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Saturday, Jan 22, 2022

Hong Kong warned to start moving on Beijing’s plan or be left behind

Hong Kong warned to start moving on Beijing’s plan or be left behind

Xu Ze also urges Hong Kong to work more closely with its mainland counterparts in pushing forward socio-economic innovation and reforms.

A former senior mainland Chinese official has warned Hong Kong risks being left with regret if it fails to turn the northern part of the city into a new business district and strengthen ties with neighbouring Shenzhen under Beijing’s new blueprints for regional integration.

Xu Ze, former deputy director of the State Council’s Hong Kong and Macau Affairs Office, on Monday also urged the city to work more closely with its mainland counterparts in pushing forward socio-economic innovation and reforms so red tape would not hinder cross-border collaborations.

Now president of semi-official Beijing think tank the Chinese Association of Hong Kong and Macau Studies, Xu made the remarks during an online seminar on expansion plans approved by the State Council last week for the Qianhai and Hengqin areas.

Xu Ze speaks at the online seminar.

The Qianhai economic zone, which was set up in 2009, will expand eightfold, from 14.9 sq km (3,706 acres) to 120.6 sq km, to offer a “wider stage” for Hong Kong to grow its economy.

The central government also announced a new cooperation zone for Macau with neighbouring Hengqin, three times the size of the casino hub.

Xu said the two plans showed Beijing’s determination to deepen reforms and opening up in the face of a rise of unilateralism in international relations.

He added that the central government attached much importance to “institutional innovation” in the development of the Greater Bay Area, which covers Hong Kong, Macau, Shenzhen and eight mainland cities, as the project operates under two political systems, three customs territories and three legal systems spanning the former colonies and Guangdong province.

Xu said the plan for Hengqin called for bold innovation, with a push for “regulatory interface” and “institutional connectivity’ making it an “example of regional cooperation with Chinese characteristics”.

For the Qianhai scheme, Xu noted Shenzhen’s rapid development in recent years after taking advantage of the central government’s support policies and the city was waiting to welcome Hong Kong.

“Shenzhen has opened its arms to welcome Hong Kong and dock with it,” Xu told the seminar. “But in the areas of the northern New Territories that border Shenzhen, nothing much seems to have happened.

“Hong Kong has focused much of its city development in the south, while development in the north is rather weak. This is partly because of the geographical factor. But it is more the result of historical and political factors.”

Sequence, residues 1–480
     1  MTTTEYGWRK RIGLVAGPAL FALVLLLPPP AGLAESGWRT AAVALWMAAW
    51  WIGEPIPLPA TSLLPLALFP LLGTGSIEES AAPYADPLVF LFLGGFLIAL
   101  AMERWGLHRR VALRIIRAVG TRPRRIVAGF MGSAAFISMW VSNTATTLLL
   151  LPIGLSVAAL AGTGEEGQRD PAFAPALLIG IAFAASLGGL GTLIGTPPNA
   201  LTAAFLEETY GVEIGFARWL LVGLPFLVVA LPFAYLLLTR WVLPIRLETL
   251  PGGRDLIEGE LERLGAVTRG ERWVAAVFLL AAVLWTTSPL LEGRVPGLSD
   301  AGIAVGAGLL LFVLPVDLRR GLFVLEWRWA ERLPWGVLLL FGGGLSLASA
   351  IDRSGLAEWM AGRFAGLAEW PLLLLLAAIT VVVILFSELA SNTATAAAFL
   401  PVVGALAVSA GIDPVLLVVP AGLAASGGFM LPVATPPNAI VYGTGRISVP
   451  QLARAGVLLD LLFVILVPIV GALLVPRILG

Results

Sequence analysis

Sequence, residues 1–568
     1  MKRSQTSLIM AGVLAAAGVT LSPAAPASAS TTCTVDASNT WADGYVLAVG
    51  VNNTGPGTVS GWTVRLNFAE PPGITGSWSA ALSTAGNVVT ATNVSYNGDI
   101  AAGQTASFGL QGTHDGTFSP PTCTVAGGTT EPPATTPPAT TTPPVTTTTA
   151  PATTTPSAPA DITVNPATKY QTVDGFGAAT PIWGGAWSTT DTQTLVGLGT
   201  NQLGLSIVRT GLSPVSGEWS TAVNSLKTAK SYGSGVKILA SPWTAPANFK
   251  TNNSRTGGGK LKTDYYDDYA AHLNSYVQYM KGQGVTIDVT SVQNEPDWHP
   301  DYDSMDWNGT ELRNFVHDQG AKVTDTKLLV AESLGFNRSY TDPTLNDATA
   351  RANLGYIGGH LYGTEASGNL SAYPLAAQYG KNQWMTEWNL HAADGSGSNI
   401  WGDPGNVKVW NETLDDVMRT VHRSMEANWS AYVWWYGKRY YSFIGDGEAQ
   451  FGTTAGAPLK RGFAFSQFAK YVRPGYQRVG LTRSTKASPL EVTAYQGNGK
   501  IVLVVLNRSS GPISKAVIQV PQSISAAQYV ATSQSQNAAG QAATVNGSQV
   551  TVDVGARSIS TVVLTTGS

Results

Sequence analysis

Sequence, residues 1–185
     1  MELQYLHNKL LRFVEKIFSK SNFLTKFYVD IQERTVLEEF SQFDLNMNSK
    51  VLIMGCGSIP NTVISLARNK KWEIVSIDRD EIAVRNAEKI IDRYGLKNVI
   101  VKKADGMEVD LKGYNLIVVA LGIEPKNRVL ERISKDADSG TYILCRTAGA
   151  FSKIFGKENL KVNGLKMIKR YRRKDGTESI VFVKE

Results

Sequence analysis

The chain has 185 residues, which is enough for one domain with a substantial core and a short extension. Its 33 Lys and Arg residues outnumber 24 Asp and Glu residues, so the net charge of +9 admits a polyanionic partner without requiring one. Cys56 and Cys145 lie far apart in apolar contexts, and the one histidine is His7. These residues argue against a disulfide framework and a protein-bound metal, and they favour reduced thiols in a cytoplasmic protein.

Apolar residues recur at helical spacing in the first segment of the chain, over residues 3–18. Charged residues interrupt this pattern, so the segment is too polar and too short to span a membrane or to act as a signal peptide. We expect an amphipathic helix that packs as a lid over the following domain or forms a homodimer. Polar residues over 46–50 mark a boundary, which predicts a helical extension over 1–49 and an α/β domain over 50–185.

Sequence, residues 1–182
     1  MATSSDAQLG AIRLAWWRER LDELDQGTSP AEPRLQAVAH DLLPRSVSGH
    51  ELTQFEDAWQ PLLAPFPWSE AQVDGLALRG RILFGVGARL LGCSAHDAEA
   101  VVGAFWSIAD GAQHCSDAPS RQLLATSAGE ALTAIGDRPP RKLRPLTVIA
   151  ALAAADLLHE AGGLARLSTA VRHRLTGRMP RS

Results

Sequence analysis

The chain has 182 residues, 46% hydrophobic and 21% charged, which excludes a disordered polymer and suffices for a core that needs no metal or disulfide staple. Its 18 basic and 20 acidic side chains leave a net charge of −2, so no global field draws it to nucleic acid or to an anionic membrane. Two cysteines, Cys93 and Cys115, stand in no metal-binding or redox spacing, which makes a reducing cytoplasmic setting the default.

Leung Chun-ying also spoke at the seminar.

Xu warned that various sectors in Hong Kong had to work with the administration to make sure the city would not be left behind in the country’s rapid development.

“It would be laughable if there were still people who hope Hong Kong keeps a distance from the mainland, and try to hold back the advancing wheel of history, or try to reverse it,” he said.

“I sincerely hope the Hong Kong government and various sectors of the community can grab the opportunities and make the best use of the central government’s support policies to closely cooperate with Guangdong and Macau …. and not to make a historical opportunity end up a historical regret.”

Much of the Hong Kong side of the border with Shenzhen remains a restricted zone and visitors need special permits to enter, thus hampering the development of the northern New Territories. In stark contrast, the other bank of the Shenzhen River is packed with modern high-rises.

Earlier this year, the pro-establishment camp criticised the government for pushing ahead with a mega columbarium project in the Sandy Ridge border area, which overlooks Shenzhen’s Luohu district.

Chief Executive Carrie Lam Cheng Yuet-ngor had said the project was needed to address a critical shortage of cemetery facilities. But last week, after the Qianhai scheme was announced, Lam said a new plan for the development of the northern New Territories was needed and she would elaborate more on her ideas in her October 6 policy address.

The Qianhai economic zone was set up in 2009.

At Monday’s seminar, former Hong Kong leader Leung Chun-ying also urged the city, Macau and Guangdong province to have more exchanges to increase mutual understanding.

“Many Macau and Hong Kong people do not quite know the opportunities offered by the various mainland cities in the Greater Bay Area,” he said.

“And at the same time, the mainland cities do not quite have a comprehensive understanding of the new roles of Hong Kong and Macau [under the new national policies] either.”

Also addressing the seminar were the finance chiefs of Hong Kong and Macau.

Financial Secretary Paul Chan Mo-po said Qianhai could serve as Hong Kong’s economic hinterland. He said he believed that closer ties with it could also help ease the land shortage problem that was holding back the city’s development.

The 2½-hour seminar was organised by Hong Kong Coalition, a group led by Tung Chee-hwa, Hong Kong’s first chief executive, and Leung, who are both now vice-chairmen of the country’s top political advisory body, the Chinese People’s Political Consultative Conference.


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